Trying to be Trendy, again- Oh BROTHer
So people are talking about bone broth. What are they saying? Play around on these links (watch out, they all want to sell you something.)
So, if these online hucksters are to be believed bone broth will fix cellulite, joint pain, GERD, lower digestive tract issues, the national trade deficit, and ring-around-the-collar. I might be paraphrasing. I could find exactly zero peer-reviewed evidence that drinking bone broth will cure anything. I found exactly one study on line, a 2013 paper by Monro, Leon, and Puri, which cautioned those who “prescribe” a high bone-broth diet to consider the possibility of lead contamination in animal bones. https://www.ncbi.nlm.nih.gov/pubmed/23375414 Worth thinking about, but this is only one study. As always, if you have some scientifically valid information that I do not then pretty, pretty please with sugar on top send me the citation. Nutrition is a fast changing science. It is hard to stay on top of things.
So why would I bother? Why should anyone bother with bone broth? I am glad you asked. Bone broth does have good stuff in it- protein, minerals, water- that make it a healthy snack. This is especially true if you DIY your broth with good stuff. Even better, you can make it with really cheap ingredients, including things you might otherwise toss out. Reducing waste while producing a comforting snack? I want in on that, for sure!
As usual, there are about a zillion recipes on line for bone broth. I mish-mashed a few different recipes together and
used my slow cooker for the final production. Like all good things, broths and stocks take time, and I feel better keeping my slow cooker on for 8-15 hours than my stove top. Yes, that is the time range of the recipes I looked at. Here’s what happened:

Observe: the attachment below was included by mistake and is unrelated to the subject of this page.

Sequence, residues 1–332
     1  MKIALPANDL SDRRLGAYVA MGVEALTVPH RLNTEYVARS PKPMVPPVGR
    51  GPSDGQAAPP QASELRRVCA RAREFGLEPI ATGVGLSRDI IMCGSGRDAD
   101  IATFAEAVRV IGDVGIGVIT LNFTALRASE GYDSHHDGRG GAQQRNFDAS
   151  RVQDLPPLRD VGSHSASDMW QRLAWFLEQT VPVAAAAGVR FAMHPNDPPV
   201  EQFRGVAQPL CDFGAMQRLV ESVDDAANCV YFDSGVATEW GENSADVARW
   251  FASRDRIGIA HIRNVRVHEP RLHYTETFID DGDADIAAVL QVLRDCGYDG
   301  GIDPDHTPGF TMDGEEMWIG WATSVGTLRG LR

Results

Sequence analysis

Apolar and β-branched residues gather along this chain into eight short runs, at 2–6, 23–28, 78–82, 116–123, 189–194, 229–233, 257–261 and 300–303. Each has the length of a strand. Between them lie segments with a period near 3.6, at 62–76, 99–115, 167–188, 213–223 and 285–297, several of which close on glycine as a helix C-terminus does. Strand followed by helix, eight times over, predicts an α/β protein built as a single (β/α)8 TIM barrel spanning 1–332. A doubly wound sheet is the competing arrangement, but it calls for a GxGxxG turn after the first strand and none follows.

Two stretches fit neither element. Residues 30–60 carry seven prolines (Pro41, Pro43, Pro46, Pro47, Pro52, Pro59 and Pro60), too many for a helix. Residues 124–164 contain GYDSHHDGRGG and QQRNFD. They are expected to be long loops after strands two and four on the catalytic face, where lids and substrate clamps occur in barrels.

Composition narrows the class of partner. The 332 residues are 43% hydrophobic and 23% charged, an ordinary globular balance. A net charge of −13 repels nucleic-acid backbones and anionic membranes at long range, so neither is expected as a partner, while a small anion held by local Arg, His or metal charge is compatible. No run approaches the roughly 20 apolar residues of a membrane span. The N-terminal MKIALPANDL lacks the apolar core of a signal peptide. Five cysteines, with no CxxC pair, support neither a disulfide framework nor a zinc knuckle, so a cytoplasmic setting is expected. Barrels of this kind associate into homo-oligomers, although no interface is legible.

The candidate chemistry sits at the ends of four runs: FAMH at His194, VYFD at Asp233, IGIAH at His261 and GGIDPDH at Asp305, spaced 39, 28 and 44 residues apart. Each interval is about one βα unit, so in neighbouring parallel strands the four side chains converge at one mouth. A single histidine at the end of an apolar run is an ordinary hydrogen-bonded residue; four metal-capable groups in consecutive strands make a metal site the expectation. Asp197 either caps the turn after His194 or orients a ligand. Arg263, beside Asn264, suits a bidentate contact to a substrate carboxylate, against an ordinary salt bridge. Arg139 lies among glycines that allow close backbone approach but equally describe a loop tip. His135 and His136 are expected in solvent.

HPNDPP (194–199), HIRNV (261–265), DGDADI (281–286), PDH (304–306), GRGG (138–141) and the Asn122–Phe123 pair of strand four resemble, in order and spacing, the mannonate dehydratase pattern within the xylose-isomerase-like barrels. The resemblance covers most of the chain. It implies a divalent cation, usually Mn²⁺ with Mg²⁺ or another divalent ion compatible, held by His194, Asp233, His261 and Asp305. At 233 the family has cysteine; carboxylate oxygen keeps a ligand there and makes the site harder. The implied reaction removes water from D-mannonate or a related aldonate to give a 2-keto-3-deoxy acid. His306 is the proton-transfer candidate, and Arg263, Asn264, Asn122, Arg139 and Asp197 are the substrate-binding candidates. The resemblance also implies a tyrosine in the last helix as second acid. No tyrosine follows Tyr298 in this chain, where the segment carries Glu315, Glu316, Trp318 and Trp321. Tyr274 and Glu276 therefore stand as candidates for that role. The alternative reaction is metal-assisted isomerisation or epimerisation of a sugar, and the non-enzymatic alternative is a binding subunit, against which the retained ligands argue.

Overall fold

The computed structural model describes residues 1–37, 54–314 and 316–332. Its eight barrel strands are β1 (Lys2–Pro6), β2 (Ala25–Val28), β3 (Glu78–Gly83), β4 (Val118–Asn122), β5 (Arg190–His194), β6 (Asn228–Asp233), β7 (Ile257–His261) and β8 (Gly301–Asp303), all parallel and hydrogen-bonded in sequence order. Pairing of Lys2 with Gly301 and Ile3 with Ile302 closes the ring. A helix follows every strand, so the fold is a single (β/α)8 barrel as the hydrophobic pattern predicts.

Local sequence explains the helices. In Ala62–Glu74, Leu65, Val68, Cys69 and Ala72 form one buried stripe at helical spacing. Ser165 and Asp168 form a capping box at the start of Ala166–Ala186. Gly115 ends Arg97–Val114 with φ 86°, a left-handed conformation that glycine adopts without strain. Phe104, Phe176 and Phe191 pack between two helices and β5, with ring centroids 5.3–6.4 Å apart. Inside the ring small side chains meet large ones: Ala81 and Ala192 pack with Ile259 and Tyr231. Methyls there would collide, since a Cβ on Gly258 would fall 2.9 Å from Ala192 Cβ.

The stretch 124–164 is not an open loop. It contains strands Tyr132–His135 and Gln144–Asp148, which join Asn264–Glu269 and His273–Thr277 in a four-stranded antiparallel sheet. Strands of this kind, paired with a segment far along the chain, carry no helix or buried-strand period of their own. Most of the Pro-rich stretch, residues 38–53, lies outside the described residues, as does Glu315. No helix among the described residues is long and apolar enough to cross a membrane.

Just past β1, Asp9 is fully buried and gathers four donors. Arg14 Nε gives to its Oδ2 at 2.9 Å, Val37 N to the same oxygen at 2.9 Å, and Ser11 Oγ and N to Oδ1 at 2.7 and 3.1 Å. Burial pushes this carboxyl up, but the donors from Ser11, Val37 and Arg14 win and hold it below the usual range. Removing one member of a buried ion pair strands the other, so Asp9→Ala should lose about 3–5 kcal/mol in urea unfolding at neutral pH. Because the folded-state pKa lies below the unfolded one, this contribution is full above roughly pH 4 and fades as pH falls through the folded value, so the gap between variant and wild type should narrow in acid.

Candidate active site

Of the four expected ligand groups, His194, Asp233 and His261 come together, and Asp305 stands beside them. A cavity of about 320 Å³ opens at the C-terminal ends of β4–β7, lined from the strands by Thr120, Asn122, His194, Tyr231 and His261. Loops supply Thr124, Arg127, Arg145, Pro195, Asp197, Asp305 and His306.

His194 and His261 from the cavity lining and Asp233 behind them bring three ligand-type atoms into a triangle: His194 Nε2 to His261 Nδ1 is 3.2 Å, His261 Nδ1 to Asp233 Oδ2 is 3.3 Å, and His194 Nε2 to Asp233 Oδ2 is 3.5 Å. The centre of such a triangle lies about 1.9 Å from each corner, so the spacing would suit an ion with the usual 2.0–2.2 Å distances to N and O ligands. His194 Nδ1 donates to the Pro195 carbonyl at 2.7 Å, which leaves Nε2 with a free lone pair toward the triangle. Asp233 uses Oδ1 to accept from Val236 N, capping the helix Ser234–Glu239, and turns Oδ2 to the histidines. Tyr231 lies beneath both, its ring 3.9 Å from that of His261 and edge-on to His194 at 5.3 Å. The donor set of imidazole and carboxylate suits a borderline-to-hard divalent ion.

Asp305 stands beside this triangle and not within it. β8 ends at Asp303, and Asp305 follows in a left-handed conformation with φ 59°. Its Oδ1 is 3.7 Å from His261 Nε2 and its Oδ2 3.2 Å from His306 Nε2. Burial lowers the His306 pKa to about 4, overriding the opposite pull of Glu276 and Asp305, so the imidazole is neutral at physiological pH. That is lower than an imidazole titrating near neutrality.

I used some celery, two carrots, a small onion, five cloves of garlic, one pound of beef neck bones and the carcass of a
chicken I cooked last week. I seasoned it with a teaspoon of salt, a rosemary twig, a few thyme twigs, six all spice berries and about two dozen peppercorns. Here is the important ingredient- vinegar. The acetic acid helps break down the proteins in the bones and tendons. I used one half cup.
The stock did not set up as jiggly as some of the pictures on the internet suggested it should. Next time I will use bones with more connective tissues and perhaps cook it a little longer. The flavor is very good, though. I am enjoying a mug full right now. Bone broth may not be a magical cure all- in all likelihood it is not a cure for anything. It is very tasty, inexpensive, and easy to make. By creating and consuming it, you will still have the same dandruff, ingrown toenails and myopia that you had before. You will also have a really good stock for sipping and souping. Give it a try!